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Big Tobacco retains its clout

Dan Morain, San Francisco Chronicle

The tobacco industry has had a rough patch lately. The industry lost big in the courts in May. First, the California Supreme Court reinstated a major consumer lawsuit aimed at cigarette-makers’ decadeslong advertising campaign. The case focuses on industry deceits including claims implying that “light” cigarettes were less harmful than regular cigarettes.

A few days later, the U.S. Court of Appeals in Washington, D.C., affirmed a 2006 lower court decision that the tobacco industry violated the Racketeer Influenced and Corrupt Organizations Act, citing past industry claims that nicotine was not addictive, that tobacco did not cause cancer and that secondhand smoke was not harmful. Then in June, President Obama signed legislation placing the U.S. Food and Drug Administration in charge of tobacco regulation.

But the industry is nothing if not cunning. No sooner did it seemingly lose than it started flexing its muscle in California.

On the very day when the House approved legislation authorizing FDA regulation, the industry sent an e-mail to Sacramento legislators inviting them to a “cigar mixer.” The industry long has been among the big moneyed interests that keep Sacramento lubricated with money.

In case tobacco-friendly legislators need cover, the industry embarked on a campaign to gin up opposition to a proposed tobacco tax increase. You could walk into liquor stores in parts of the state this summer, and see evidence of tobacco’s fight to block a higher tobacco tax. The proposed $1.50-per-pack state tax (up from 87 cents), offered by Sen. Alex Padilla, D-Pacoima (Los Angeles County), and Senate President Pro Tem Darrell Steinberg, D-Sacramento, would raise more than $1 billion a year, and help avert drastic cuts in state-funded health care and public education. “Help stop this new cigarette tax,” say the flyers, strategically placed at counter level. The index card-size notes, designed to be torn off by customers, urge that people call their legislators immediately. The call will be toll free, courtesy of Philip Morris, USA, the world’s largest cigarette manufacturer. The effort had its impact. No matter that California’s tobacco tax is lower than taxes imposed by more than 30 other states. The proposed tobacco tax increase stalled in the Legislature, and Gov. Arnold Schwarzenegger vowed to block any tax increase.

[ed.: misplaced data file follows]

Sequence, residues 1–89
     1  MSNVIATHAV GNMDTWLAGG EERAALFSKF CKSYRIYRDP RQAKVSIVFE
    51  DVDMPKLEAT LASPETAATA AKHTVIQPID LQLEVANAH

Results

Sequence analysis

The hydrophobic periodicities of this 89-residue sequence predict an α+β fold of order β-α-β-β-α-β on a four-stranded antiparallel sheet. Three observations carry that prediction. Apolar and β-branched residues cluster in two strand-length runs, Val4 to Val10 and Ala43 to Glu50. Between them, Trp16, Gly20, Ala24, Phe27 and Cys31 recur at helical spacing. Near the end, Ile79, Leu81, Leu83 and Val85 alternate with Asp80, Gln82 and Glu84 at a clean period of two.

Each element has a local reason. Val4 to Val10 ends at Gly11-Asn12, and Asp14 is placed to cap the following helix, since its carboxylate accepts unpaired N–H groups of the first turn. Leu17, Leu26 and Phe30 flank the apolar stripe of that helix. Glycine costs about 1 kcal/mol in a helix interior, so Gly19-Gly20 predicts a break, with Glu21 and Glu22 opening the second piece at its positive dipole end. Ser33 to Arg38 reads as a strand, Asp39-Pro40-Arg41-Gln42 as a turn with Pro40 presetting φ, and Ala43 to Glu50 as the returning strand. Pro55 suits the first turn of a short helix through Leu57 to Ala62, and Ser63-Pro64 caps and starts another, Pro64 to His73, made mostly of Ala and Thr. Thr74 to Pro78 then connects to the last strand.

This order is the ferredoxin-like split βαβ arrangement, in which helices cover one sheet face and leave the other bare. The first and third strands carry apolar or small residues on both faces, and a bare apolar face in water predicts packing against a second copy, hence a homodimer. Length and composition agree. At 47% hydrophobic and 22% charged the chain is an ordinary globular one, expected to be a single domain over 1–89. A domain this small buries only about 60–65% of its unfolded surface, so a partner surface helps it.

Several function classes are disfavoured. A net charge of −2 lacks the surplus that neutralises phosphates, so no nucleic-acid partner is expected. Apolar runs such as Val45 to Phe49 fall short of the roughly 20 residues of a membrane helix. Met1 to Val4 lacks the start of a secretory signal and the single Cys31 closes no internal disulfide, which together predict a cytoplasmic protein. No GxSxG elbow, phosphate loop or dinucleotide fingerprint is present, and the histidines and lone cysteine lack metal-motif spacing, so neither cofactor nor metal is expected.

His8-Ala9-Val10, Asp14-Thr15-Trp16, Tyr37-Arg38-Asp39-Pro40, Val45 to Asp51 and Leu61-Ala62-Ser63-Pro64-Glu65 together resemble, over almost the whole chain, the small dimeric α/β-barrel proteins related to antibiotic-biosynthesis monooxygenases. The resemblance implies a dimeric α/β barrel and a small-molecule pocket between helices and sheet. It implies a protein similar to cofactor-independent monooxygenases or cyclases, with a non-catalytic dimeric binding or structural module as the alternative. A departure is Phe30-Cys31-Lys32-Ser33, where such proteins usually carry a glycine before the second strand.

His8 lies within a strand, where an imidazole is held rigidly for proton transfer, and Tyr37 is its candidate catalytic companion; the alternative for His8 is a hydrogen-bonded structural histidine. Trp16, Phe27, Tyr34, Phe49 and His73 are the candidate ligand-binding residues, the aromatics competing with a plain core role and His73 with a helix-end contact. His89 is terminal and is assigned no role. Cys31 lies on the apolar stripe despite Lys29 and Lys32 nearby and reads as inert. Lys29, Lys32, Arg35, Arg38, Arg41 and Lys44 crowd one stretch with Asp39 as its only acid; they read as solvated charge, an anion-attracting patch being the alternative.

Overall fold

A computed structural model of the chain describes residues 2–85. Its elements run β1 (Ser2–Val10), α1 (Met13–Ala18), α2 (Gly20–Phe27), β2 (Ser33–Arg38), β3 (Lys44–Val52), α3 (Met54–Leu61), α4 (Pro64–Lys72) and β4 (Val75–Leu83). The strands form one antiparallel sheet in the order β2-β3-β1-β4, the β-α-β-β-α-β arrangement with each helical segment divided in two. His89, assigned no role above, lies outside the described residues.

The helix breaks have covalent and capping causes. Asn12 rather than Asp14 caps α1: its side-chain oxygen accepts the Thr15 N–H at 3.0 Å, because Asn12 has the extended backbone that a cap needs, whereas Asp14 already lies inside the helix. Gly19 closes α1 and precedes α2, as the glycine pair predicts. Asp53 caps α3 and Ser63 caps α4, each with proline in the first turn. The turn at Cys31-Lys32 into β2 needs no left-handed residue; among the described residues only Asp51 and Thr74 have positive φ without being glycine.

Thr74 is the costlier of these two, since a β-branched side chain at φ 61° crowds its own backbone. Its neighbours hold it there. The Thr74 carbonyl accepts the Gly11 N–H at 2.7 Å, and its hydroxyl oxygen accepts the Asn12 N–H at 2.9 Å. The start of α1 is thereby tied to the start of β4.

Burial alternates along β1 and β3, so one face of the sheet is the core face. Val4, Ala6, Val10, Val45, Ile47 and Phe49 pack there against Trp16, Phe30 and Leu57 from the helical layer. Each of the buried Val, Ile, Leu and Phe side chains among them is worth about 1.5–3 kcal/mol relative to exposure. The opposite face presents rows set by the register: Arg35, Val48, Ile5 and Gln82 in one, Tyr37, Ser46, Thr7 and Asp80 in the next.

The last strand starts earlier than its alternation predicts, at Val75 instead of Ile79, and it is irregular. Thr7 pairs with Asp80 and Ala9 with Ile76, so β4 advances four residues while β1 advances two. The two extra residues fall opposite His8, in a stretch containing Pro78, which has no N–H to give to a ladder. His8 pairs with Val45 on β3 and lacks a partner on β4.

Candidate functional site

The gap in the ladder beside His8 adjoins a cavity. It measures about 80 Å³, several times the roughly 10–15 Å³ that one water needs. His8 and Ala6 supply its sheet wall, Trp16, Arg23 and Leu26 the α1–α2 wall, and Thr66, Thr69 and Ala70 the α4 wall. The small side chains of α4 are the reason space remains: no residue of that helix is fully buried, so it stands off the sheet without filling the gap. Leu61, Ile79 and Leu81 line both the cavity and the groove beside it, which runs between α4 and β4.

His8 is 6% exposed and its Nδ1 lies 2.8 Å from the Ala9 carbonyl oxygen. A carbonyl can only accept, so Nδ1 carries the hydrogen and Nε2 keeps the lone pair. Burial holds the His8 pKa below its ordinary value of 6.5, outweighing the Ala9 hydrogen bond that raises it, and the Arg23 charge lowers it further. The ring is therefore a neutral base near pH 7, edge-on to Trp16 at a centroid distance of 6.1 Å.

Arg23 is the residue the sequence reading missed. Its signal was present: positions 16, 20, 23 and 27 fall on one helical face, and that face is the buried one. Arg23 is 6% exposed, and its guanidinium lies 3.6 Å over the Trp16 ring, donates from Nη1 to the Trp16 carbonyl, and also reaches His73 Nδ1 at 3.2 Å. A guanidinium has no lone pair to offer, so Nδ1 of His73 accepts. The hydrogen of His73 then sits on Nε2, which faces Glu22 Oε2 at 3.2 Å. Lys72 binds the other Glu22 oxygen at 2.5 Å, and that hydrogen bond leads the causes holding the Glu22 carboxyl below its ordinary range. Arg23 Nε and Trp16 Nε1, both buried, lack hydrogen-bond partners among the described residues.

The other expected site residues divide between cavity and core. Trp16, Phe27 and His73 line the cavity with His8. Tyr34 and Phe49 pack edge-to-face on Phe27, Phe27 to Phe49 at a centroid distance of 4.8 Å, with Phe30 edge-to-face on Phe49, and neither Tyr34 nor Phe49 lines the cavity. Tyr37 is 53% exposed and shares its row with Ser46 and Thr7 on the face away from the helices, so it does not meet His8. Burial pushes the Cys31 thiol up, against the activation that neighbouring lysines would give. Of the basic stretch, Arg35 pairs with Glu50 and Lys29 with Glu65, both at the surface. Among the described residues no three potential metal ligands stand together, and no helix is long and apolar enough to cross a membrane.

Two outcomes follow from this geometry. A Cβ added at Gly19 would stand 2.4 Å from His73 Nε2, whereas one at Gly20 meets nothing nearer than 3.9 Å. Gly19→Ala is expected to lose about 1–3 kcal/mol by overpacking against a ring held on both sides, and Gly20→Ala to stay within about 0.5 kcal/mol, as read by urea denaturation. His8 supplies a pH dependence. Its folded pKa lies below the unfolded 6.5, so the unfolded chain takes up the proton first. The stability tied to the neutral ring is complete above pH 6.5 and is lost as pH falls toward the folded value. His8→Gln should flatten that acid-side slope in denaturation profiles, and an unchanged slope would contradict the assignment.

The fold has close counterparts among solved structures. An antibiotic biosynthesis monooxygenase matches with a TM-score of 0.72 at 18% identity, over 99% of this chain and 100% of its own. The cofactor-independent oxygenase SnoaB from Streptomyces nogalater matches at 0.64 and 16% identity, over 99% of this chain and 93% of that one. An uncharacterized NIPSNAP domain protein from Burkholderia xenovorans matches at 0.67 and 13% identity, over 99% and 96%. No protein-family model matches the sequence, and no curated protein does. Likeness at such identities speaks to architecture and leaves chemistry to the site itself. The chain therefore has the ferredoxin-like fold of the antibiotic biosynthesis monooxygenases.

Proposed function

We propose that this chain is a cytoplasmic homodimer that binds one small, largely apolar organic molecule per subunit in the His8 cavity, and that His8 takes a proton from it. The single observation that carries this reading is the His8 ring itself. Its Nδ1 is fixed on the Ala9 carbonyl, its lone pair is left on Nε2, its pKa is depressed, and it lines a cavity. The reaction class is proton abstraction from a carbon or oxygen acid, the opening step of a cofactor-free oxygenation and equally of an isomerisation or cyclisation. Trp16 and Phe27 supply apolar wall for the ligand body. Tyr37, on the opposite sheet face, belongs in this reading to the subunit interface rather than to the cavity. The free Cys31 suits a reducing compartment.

Foes of Padilla’s SB600 range from chambers of commerce to anti-tax groups, many of which have received tobacco industry money in the past.

When the U.S. Court of Appeals affirmed the lower court conclusion that cigarette executives defrauded the public by claiming nicotine wasn’t addictive and “light” cigarettes were less deadly than regular cigarettes, the judges were direct: “Defendants knew of their falsity at the time and made the statements with intent to deceive. Thus, we are not dealing with accidental falsehoods or sincere attempts to persuade; defendants’ liability rests on deceits perpetrated with knowledge of their falsity.”

Now that the FDA is about to start regulating tobacco, the public could be lulled into thinking that the industry has been brought to heel. Based on what is happening in California, that view would be naive.

Dan Morain is communications director for Consumer Attorneys of California.

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